A new study finds that air quality in US cities has dramatically improved since the 1990s, but not enough to ensure that children’s lungs are not being damaged by pollution.
In the study, “Lifetime Exposure to Ambient Air Pollution and Lung Function in Children,” researchers found that children who were exposed to high levels of air pollution, including PM2.5 (fine particle matter) and black carbon (soot), had decreased lung function when compared to children who lived in less-affected areas.
For the analysis, the study included 614 children of women who enrolled between 1999 and 200 in Project Viva, a long-term study of the health of women and children in eastern Massachusetts. The team then calculated the distance between a child’s home and the nearest major roadway, and estimated first year of life, lifetime, and prior-year exposure to PM2.5 using measurements taken from satellites, and to black carbon exposure for the same time frames, using 148 monitoring stations. At age 8, the children underwent lung function tests.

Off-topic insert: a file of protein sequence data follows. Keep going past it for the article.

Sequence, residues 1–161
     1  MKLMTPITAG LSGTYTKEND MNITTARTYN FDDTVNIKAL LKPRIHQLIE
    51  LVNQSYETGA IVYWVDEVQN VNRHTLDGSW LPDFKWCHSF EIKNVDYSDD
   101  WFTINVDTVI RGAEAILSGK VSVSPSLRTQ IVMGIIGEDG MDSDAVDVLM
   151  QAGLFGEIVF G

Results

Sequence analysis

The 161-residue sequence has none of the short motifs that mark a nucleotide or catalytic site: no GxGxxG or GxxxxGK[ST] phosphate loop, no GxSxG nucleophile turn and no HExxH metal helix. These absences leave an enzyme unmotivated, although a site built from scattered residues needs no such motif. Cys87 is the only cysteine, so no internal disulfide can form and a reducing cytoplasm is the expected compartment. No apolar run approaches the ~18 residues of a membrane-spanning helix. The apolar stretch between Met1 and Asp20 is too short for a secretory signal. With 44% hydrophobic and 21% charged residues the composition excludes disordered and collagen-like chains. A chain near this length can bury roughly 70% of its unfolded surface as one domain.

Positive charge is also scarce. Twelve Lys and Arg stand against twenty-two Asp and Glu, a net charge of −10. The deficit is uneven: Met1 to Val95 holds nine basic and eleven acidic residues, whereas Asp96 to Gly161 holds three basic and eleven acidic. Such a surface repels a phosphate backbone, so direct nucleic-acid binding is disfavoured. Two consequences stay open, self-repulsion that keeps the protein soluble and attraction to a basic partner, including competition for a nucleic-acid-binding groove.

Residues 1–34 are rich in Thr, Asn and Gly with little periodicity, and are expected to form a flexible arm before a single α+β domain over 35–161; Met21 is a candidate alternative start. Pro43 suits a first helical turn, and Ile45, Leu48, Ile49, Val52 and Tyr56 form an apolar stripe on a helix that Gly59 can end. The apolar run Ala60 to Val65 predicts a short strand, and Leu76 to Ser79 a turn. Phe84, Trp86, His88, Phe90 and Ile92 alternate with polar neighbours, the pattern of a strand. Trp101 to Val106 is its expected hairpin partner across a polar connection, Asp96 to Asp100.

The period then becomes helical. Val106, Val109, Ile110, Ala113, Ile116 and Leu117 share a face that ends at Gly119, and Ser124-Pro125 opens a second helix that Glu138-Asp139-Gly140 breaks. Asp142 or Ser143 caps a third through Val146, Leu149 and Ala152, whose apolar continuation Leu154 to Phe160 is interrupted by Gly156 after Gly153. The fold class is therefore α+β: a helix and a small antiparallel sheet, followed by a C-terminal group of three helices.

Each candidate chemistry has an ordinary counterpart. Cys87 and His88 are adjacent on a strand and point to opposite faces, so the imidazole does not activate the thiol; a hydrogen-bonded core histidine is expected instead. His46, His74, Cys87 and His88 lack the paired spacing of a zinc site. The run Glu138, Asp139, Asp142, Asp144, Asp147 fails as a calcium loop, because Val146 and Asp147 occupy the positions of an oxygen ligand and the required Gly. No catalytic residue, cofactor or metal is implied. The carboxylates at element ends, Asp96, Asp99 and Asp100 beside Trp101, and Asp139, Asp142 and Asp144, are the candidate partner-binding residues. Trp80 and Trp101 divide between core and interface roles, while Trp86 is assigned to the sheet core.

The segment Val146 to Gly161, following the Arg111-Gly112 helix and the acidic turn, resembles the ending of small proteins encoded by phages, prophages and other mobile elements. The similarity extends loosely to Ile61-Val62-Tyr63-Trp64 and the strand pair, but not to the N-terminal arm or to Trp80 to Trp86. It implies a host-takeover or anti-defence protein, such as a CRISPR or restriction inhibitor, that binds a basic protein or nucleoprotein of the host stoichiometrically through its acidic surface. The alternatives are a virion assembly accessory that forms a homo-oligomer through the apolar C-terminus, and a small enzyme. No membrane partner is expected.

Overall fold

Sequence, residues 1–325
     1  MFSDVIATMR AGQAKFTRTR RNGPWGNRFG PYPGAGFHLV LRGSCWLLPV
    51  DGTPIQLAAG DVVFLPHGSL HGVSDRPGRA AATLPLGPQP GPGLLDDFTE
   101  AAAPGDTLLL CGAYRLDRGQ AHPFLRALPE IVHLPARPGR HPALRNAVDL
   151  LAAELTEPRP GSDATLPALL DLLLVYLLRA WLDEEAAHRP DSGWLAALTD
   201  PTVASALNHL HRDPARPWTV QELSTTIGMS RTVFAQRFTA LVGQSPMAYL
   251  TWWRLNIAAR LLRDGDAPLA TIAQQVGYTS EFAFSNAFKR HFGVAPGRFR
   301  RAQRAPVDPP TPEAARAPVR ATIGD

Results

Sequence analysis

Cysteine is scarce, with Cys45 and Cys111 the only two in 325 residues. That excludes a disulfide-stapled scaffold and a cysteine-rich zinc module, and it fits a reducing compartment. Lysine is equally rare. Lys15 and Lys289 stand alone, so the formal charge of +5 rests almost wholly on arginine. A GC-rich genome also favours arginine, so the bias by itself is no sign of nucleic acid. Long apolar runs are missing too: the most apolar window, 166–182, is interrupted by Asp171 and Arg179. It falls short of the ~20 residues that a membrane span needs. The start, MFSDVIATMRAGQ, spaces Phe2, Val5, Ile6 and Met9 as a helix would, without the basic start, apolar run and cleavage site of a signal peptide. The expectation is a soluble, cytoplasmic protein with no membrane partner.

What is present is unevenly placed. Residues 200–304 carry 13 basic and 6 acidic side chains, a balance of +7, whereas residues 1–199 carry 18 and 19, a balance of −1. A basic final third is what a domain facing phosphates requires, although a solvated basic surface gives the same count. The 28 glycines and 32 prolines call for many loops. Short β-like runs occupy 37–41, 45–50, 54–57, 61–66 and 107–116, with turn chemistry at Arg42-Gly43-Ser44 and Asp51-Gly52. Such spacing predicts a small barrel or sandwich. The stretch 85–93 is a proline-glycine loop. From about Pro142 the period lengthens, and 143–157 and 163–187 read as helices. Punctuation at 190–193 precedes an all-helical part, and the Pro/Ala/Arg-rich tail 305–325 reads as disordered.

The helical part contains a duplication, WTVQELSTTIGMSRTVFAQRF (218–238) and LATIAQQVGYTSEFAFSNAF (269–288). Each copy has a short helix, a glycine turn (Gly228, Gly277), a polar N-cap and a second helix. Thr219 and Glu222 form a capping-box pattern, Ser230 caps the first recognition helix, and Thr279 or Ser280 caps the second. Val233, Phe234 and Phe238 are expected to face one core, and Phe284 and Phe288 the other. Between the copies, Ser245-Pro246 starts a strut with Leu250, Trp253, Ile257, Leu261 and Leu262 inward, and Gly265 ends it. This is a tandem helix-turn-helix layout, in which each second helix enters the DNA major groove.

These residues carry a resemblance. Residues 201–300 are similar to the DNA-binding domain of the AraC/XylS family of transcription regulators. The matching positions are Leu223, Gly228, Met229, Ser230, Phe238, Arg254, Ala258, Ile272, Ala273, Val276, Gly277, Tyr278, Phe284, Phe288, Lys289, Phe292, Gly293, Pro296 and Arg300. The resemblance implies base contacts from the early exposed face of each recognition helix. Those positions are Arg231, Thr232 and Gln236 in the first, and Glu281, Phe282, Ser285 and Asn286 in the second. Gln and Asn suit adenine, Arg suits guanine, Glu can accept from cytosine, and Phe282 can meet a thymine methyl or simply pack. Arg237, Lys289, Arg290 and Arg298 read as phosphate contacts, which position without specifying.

The research team found that the lung capacity of 8-year-olds who lived within 100 meters of a major roadway was, on average, 6 percent lower than that of peers residing at least 400 meters away. Researchers also found that recent air pollution exposure negatively impacted lung function measures, and that children who experienced the greatest improvements in air quality after their first year of life — either due to a change of location or change in pollution levels around the home — had improved lung function compared to those whose air quality hadn’t changed or improved.